Mount View High School recently wrapped its inaugural regular season of unified basketball and the eight-game campaign could not have gone much better for the Mustangs.

Unified basketball — which combines Special Olympics athletes and general student-athletes (partners) in 5-on-5 competition — has taken the state by storm the past few years.

In 2015 when the Maine Principals’ Association officially sanctioned the sport, it had just 18 teams statewide. Since then, those numbers have swelled to 46.

And in Mount View’s regular-season finale on Monday, March 6 at home against Nokomis of Newport, the squads played a game for the ages.

The Mustangs and Warriors were tied at 100-100 at the end of regulation, thanks, in part, to a three-pointer by Nick Elkins near the end of the fourth quarter to tie the score.

Elkins added another trey to start four-minute overtime period, but the Mustangs eventually dropped a 107-105 decision on senior night.

The two most crucial components that make the game different from traditional basketball is there can be no more than two partners on the court at any given time with the Special Olympics athletes, and the partners can account for no more than 25 percent of the team's total points.

Mount View co-coach Ron Simmons said Elkins, who the Mustangs refer to as “Quick Nick,” had “about 40 points” against the Warriors. He averaged “about 28 points a game” this season for the Mustangs.

Elkins is a tri-captain on the team, along with Mike “The Spike” Lamkin and Destiny “Firebolt” Winslow.

In addition to Elkins, Lamkin and Winslow, team members also include Justice Savoy, Brendan Savoy, Jessie Blanchette, McKenna Gibbs, Reanna Boulay, Kristen Allen, Alexis Bowman, Morgan Taylor, Shaynen Schofield, Nathaniel Illingworth and Austin Grotton.

Simmons, who is in his 21st year teaching physical education at Mount View and has also coached the school’s varsity football team, co-coached the team this year along with math teacher Mark Cooper.

“If it wasn’t for Mark I probably wouldn’t have done it,” Simmons said. “Coming out of retirement of coaching was kind of a cool thing. I’ve done a lot of different sports like basketball, track and football, but I’ve never done anything like this.”

Simmons added that where he teaches adapted PE, “I was kind of the perfect guy to do it.”

“I knew all the kids and they all knew me and all felt comfortable with me so I said to myself, ‘You know, this was the right thing to do.’ ”

“It’s been extraordinary,” said Blanchette, one of the team’s helpers who also is a standout field hockey player for the school. “It’s really fun. It’s definitely cool being able to work with players that need more help and giving them the opportunity to have the spotlight and to just be able to play as a team.”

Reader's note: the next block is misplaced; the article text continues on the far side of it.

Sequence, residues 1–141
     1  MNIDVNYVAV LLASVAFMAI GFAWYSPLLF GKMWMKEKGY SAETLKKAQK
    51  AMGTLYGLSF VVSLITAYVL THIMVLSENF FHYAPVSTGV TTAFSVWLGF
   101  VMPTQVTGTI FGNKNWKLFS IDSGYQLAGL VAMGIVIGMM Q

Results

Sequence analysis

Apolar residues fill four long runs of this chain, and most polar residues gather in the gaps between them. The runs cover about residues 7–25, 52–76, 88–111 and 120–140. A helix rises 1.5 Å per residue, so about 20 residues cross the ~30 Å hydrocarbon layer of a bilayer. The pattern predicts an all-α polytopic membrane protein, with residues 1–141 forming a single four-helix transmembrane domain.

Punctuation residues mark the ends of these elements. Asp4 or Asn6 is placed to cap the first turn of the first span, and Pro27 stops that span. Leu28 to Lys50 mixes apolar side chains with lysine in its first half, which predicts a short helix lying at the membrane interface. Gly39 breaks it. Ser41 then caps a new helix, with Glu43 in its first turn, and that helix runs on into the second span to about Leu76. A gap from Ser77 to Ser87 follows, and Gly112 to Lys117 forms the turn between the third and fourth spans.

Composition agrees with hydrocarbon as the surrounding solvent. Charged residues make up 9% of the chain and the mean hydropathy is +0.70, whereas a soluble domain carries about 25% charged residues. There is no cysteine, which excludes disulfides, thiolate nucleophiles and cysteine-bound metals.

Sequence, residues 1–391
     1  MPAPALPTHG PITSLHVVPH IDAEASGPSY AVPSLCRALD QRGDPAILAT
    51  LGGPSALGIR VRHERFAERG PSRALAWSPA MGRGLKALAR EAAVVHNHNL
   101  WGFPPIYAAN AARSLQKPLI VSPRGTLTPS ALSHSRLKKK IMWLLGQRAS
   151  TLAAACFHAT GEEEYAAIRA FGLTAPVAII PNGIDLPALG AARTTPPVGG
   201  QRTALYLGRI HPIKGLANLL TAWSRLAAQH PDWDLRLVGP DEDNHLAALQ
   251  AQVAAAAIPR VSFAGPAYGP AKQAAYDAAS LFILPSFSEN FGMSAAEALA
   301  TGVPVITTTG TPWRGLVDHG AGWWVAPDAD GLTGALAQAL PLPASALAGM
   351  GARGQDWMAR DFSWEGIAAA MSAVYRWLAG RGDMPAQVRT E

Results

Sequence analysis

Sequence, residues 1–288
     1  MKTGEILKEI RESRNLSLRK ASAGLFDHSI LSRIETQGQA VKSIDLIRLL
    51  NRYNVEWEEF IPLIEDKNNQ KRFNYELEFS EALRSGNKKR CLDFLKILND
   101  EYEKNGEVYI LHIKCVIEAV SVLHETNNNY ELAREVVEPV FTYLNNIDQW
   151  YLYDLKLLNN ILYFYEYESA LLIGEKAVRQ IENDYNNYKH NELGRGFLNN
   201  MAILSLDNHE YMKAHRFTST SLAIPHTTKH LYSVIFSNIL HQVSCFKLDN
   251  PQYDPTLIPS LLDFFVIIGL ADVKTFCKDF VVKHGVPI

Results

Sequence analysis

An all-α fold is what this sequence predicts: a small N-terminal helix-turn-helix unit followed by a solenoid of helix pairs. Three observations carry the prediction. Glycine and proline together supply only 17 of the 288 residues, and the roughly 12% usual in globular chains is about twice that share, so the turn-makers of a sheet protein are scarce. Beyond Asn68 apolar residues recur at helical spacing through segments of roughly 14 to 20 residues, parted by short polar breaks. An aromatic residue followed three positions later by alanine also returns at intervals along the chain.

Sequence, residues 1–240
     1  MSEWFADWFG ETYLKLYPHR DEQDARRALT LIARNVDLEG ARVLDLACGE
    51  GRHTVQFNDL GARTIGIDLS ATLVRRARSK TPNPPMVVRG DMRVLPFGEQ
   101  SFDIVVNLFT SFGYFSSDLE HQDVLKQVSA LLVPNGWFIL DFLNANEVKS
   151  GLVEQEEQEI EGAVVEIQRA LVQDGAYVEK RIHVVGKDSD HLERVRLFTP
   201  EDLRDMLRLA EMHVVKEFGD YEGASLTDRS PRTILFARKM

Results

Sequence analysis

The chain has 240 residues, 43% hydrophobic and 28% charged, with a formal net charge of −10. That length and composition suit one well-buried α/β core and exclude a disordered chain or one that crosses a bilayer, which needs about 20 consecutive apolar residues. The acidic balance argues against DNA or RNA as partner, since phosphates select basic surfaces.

“If it wasn’t for the helpers, this just wouldn’t happen,” said Simmons. “Their influence on the kids and them being so passionate and loving with those kids has made all the difference.”

Simmons said the season highlight was the team's 73-70 road victory over Skowhegan on Friday, March 3.

Though Monday’s loss to the Warriors, eclipsing 100 points and honoring the team’s seniors, was “special as well.”

“The boys and girls on the team wrote little notes about their helpers,” he said. “They all chose a helper to write about and they actually read what they said to their helper in front of the crowd over the loudspeaker. There were some tears of joy out there.”

“I’m close with the twins [Justice Savoy and Brendan Savoy] and working with them has honestly been life-changing,” said Blanchette. “It’s inspired me a lot to help others. When you’re out on the court, it doesn’t feel like you’re a mixed group. It just feels like they’re as casual as you are. You get to see them have fun and accomplish something that they wouldn’t normally get the chance to and that’s pretty heartwarming.”

Simmons added that in the school’s first unified game — a 62-34 loss at Oceanside of Rockland/Thomaston — the Mustangs learned a lot about how to host an event, including dancing at halftime with cheerleaders and fans.

“They did a great job,” said Simmons. “Boogeying at the half with the cheerleaders just dancing and stuff [was great]. That’s what we do up here now. They taught us well.”

The Mustangs finished the regular season 3-5 and currently are in a holding pattern waiting to see who they will host in a playoff game, with several other teams still in the process of completing their respective campaigns.

And win or lose that upcoming postseason game, Simmons said he is just excited his team will get the chance to play one more game at home.

“They’re so excited about it,” he said. “They’re excited to all be together at least one more time.”